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Auction archive: Lot number 22

VALLABHBHAI PATEL – (1875-1950) – HANDWRITTEN LETTER

Estimate
£600 - £800
ca. US$751 - US$1,001
Price realised:
n. a.
Auction archive: Lot number 22

VALLABHBHAI PATEL – (1875-1950) – HANDWRITTEN LETTER

Estimate
£600 - £800
ca. US$751 - US$1,001
Price realised:
n. a.
Beschreibung:

Vallabhbhai Patel (1875-1950) – Letter - an important letter, handwritten in Gujerati with an official Nasik Road Central Prison stamp to top, written whilst Patel was imprisoned. The letter mentions Gandhi (Bapu) and hints at the important friendship between the two; Nasik Road, Central Prison Date: 2.8.33 Dear Sister, Yesterday, we have been brought here to visit Nasik at 3 or 4 o’clock. Lacs of people from remote places came here to do the Shraddh rites spending their own money. And the government has brought me here on their own money. The tour of [illegible] completed and now the tour of Nasik started. If you ask me why they brought us here, then I am unable to answer anything about that. But I can just guess that they have me brought here to separate from Bapu as he might be coming here. There is no other reason. If I had been together, I would have been able to take care of Bapu. But nothing happens as per our wish. The weather here is able to cure the ill people also. Bapu is at Ashram, so it might be very terrible there. But what can be done, after all he is Bapu. The rain is not stopping since we came here. Already 21 hours passed. I have sent your letter to Maniben. Now I hope her letter should come in this week. [Illegible] will be able to meet you after he gets out in few days. My health is fine. Do not worry about anything. Sincerely, Vallabhbhai’s greetings. Written in black ink to both sides of the folded sheet, with some corrections. Small area of loss to the lower right corner. Measures (when folded) 17.5cm x 11.5cm, approx. Upon the failure of the Round Table Conference in London, Gandhi and Patel were arrested in January 1932 when the struggle re-opened, and imprisoned in the Yeravda Central Jail. During this term of imprisonment, Patel and Gandhi grew close to each other, and the two developed a close bond of affection, trust, and frankness. Their mutual relationship could be described as that of an elder brother (Gandhi) and his younger brother (Patel). Despite having arguments with Gandhi, Patel respected his instincts and leadership. In prison, the two discussed national and social issues, read Hindu epics, and cracked jokes. Gandhi taught Patel Sanskrit. Gandhi's secretary, Mahadev Desai, kept detailed records of conversations between Gandhi and Patel. When Gandhi embarked on a fast-unto-death protesting the separate electorates allocated for untouchables, Patel looked after Gandhi closely and himself refrained from partaking of food. Patel was later moved to a jail in Nasik, and refused a British offer for a brief release to attend the cremation of his brother Vithalbhai, who had died in October 1933. He was finally released in July 1934 Vallabhbhai Jhaverbhai Patel (31 October 1875 – 15 December 1950), endeared as Sardar, was an Indian statesman. He served as the first Deputy Prime Minister of India from 1947 to 1950. He was a barrister and a senior leader of the Indian National Congress, who played a leading role in the country's struggle for independence, guiding its integration into a united, independent nation. He was one of the conservative members of the Indian National Congress. In India and elsewhere, he was often called Sardar, meaning "chief" in Hindi, Urdu, and Persian. He acted as the Home Minister during the political integration of India and the Indo-Pakistani War of 1947. One of Mahatma Gandhi's earliest political lieutenants, he organised peasants from Kheda, Borsad, and Bardoli in Gujarat in non-violent civil disobedience against the British Raj, becoming one of the most influential leaders in Gujarat. He was appointed as the 49th President of Indian National Congress, organising the party for elections in 1934 and 1937 while promoting the Quit India Movement.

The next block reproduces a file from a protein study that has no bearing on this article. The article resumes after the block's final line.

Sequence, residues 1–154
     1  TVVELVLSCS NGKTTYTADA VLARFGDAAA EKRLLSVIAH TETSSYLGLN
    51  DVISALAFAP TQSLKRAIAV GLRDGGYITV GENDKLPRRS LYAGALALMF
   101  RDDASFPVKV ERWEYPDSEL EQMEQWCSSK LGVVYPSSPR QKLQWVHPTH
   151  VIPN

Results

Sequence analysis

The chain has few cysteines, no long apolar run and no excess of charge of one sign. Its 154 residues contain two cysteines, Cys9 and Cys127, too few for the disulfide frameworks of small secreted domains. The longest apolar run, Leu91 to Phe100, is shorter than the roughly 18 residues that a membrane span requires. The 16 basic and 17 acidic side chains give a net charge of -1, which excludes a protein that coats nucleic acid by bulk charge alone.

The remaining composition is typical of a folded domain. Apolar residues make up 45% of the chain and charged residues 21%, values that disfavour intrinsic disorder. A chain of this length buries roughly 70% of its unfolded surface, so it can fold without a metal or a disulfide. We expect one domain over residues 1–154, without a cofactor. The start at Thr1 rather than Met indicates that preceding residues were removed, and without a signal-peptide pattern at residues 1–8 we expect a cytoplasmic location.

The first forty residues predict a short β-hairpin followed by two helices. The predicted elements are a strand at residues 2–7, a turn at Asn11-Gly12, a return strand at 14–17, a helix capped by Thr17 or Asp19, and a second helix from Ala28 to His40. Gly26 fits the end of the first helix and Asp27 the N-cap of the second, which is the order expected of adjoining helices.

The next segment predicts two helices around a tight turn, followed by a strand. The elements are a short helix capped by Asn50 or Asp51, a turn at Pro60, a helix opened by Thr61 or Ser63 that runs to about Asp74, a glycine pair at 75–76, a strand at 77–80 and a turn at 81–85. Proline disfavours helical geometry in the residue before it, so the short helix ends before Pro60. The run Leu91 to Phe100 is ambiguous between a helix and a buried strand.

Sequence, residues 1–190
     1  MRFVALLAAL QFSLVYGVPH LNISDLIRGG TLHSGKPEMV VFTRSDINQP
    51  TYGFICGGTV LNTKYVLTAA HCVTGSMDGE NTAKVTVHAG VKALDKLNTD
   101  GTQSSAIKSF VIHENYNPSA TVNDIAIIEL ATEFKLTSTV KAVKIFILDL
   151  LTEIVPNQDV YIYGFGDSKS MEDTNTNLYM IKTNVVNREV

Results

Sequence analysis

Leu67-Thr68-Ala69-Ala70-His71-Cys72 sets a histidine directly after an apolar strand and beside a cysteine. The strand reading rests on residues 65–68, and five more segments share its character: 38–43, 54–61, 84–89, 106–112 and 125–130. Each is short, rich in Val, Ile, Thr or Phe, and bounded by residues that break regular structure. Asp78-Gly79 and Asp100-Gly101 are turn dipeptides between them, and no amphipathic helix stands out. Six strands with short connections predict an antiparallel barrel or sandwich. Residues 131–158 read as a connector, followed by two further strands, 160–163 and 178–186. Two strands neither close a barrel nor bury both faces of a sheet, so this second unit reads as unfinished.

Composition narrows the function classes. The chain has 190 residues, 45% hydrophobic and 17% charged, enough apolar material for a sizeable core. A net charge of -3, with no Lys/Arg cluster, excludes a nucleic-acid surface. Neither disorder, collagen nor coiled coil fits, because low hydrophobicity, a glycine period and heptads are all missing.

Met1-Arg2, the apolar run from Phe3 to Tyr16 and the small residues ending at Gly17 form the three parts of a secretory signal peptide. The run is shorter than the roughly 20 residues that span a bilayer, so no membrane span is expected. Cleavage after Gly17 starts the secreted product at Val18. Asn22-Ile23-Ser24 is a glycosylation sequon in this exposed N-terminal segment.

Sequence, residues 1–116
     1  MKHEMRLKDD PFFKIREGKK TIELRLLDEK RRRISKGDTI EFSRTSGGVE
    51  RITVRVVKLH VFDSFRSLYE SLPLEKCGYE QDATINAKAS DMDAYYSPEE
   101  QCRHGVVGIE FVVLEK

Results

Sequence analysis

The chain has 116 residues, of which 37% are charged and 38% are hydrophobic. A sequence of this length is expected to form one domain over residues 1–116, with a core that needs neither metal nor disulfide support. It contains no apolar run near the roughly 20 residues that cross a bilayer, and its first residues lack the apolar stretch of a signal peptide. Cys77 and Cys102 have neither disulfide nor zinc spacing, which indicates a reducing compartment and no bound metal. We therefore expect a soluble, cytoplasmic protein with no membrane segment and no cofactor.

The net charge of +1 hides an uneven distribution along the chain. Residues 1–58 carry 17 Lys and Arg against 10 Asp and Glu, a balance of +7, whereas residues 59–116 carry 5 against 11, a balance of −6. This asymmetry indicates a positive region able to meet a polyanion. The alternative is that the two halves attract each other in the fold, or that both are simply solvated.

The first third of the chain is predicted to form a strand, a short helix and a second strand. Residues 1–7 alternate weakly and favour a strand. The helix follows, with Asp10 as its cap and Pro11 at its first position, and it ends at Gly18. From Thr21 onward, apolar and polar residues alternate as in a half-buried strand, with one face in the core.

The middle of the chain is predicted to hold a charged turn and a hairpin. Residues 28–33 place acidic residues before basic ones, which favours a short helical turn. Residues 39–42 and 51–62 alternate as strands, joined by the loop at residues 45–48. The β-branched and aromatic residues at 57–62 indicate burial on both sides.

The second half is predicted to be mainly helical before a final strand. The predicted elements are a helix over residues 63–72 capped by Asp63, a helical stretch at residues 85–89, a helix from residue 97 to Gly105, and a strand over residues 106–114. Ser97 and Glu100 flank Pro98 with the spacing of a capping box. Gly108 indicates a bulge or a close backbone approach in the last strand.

Auction archive: Lot number 22
Auction:
Datum:
21 May 2022